#10
  11. VX Rider

    VX Rider Long timer

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    Looks like you're headed in the right direction.

    It takes quite a bit more creatively to get along in Africa than some realize.
    I spent some time in South Africa....and trust there were moments of frustration that were only resolved by reminding myself, that I was in Africa and it is a different place for sure.
    #11
  12. ttpete

    ttpete Rectum Non Bustibus

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  13. shovelstrokeed

    shovelstrokeed Long timer

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    Wasn't meant to be condescending, fact is, carb tuning is a bit of an art and changes made are not at all simple. There are different solutions to the same problem and not being able to hear the bike run and feel what it is doing can lead someone who genuinely wants to help into a maze of garden paths.
    Make sure, when you return the bike to stock condition in terms of the carb that you are sure that the factory slide is part of the equation. The shape and size of the slide cutaway are critical to low/part throttle response and often overlooked in tuning attempts.
    It sounds to me like your carb is equipped with some form of power jet (a brand name). Not the easiest to tune for.
    #13
  14. baloneyskin daddy

    baloneyskin daddy bikaholic

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    I went back and looked at the 2 needles and I bet if you put the thick plastic spacer back under the clip on the stock needle where it s supposed to be the lengths that actually extend into the needle jet are very close.
    #14
  15. JCool

    JCool Long timer

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    The aftermarket needle , in comparison to the stock one , makes me think Dynojet. Dynojet uses a thinner , shorter needle to work with a stock pilot jet and their own larger main jet. The jet sizing numbers are NOT the same , JetsRUs has a crossover chart. If the bike ran good to begin with , then it's not a jetting or needle problem. Randomly changing parts , pretending you know what you're doing is futile.
    #15
  16. khw

    khw Adventurer

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    It's funny - I was just looking at the installation manual for the Dynojet kit when your response popped up - given that it's a common option. The parts and configuration lead me to agree with you. I'll have full confirmation on that if they get back to me on the needle dimensions. I wish they'd stamped the it as it would have eliminated some guess work but everything seems to match and make sense.

    I really do appreciate the helpful part of your answer. But I'm a little confused about the 'random parts' and the 'pretending' bit of your response. Or is it just cultural on this forum for some 'old timers' to drop an insult after a genuinely helpful answer - so as not to seem too welcoming or friendly to those of us who honestly come here to avoid screwing shit up in Africa or wherever. Really appreciate the help. Thanks.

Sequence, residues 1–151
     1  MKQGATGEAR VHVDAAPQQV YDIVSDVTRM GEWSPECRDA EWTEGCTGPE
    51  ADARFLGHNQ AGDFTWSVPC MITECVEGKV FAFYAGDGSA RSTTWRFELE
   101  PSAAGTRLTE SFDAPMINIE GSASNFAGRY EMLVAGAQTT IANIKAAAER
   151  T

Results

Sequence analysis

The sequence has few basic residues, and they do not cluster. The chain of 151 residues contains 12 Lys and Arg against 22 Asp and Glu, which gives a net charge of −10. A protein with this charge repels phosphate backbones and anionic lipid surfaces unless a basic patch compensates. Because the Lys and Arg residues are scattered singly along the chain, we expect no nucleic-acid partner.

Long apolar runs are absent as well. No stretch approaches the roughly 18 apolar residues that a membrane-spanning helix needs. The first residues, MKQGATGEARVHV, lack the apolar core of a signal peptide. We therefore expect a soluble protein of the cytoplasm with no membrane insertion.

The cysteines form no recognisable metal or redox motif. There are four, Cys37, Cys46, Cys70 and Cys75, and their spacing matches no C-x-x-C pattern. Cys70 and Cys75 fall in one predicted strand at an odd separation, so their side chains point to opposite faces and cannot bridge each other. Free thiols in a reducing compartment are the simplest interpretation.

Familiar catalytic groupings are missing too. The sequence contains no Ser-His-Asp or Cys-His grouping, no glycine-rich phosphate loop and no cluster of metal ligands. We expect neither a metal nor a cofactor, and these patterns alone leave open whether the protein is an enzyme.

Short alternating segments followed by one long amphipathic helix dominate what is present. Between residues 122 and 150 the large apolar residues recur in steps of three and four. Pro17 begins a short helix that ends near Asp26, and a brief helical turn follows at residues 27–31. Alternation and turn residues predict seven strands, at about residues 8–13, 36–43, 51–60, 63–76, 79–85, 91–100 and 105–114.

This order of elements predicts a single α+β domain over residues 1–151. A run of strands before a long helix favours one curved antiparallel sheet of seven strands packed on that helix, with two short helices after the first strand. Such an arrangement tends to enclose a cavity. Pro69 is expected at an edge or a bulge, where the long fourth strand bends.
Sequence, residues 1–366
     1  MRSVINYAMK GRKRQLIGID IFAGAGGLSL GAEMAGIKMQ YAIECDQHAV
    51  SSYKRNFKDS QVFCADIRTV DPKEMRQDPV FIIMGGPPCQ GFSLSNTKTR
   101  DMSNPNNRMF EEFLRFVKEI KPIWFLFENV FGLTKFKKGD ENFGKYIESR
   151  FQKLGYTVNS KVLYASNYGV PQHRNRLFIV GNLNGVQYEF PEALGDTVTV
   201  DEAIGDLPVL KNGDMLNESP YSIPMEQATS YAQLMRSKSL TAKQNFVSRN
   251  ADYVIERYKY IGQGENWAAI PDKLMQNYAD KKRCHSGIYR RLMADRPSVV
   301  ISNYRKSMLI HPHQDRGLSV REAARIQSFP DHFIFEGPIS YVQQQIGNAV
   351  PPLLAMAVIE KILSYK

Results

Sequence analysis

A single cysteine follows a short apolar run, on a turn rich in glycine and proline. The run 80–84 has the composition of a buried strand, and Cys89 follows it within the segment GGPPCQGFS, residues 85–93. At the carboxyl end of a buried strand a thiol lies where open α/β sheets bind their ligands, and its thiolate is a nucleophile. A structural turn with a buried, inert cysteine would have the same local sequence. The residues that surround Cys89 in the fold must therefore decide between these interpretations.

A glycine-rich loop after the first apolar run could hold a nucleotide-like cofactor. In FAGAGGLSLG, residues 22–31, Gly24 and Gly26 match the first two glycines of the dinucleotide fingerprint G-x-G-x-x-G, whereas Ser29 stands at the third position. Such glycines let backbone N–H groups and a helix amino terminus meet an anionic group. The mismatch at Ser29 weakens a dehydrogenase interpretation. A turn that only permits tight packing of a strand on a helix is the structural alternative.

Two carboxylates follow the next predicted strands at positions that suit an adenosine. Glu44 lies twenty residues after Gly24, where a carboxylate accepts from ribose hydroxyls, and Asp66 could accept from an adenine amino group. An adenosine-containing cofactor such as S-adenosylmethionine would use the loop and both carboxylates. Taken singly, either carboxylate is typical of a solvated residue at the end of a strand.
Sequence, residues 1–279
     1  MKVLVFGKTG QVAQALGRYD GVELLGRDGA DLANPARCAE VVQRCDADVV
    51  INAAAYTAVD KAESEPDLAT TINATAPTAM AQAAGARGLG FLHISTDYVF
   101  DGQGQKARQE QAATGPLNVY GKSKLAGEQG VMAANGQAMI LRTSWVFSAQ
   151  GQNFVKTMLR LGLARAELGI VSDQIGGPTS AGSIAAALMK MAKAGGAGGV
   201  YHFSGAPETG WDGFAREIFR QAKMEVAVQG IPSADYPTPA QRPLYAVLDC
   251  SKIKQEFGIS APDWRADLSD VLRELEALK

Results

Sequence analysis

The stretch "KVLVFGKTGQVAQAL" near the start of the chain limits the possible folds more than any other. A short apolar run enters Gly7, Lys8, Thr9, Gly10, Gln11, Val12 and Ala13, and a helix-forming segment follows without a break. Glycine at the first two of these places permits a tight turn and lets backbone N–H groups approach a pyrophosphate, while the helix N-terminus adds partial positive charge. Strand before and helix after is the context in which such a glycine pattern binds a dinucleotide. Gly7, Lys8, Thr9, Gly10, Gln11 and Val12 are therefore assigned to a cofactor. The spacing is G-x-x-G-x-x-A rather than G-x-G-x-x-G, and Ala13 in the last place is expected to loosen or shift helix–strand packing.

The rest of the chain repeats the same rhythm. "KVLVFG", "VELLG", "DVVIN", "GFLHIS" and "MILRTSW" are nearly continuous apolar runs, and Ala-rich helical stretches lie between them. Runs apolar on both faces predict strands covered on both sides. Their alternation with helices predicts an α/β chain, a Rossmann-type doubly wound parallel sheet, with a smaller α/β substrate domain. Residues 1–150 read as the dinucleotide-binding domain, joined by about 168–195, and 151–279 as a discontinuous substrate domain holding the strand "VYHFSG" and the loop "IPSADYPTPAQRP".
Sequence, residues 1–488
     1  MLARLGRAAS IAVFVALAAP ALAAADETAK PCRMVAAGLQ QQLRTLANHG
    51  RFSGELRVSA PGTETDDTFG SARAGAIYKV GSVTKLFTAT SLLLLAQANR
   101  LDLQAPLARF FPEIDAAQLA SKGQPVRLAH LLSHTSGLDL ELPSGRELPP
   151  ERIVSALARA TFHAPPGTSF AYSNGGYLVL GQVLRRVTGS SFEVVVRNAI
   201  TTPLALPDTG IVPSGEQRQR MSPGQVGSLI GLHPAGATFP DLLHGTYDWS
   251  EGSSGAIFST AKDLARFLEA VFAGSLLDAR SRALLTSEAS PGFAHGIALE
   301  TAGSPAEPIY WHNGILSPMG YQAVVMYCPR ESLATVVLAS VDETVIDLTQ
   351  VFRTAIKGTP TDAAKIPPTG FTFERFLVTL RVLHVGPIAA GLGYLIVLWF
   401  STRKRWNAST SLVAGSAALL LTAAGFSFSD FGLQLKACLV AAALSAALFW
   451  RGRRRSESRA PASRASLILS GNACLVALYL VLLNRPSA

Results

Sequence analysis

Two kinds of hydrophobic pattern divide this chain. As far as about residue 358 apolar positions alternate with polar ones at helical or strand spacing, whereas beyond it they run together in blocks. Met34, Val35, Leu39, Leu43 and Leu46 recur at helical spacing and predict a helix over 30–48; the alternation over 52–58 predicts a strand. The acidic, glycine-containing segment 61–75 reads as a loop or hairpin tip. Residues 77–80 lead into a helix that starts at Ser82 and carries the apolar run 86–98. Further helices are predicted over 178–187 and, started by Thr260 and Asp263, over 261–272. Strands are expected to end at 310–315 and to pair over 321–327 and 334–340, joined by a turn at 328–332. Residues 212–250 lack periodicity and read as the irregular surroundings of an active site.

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  17. shovelstrokeed

    shovelstrokeed Long timer

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    KHW, you seem a little tender, we are not insulting you. Please understand, this topic, in one form or another, comes up at least once or twice a month. Over the 15+ years I have been here, that is a lot of answering, to the point where it gets somewhat annoying, especially when, all to often, it is a total lack of accurate description of the problem. Quite often it is about a bike with aftermarket exhaust which may or may not have any effect on low speed running. Typically, these things flow exactly the same air as the stock exhaust and especially at low speed where resonance effects are minimal. The same applies to airbox mods and pod filter type changes. The primary effects are at high engine speeds and maximum flow conditions but it is not unusual to find an engine has gone rich at these speeds due to changes in the reversion where the carb is actually breathing part of the early strokes mixture in addition to what was put in there on the current stroke.
    Trouble shooting these things over the phone or in print is insanely difficult. You gotta be there and listen to/feel the bike to even begin to guess what is going on. Dead stock is the way to start trouble shooting and then knowing the difference between a lean stumble and rich bog can give you clues as to where to go.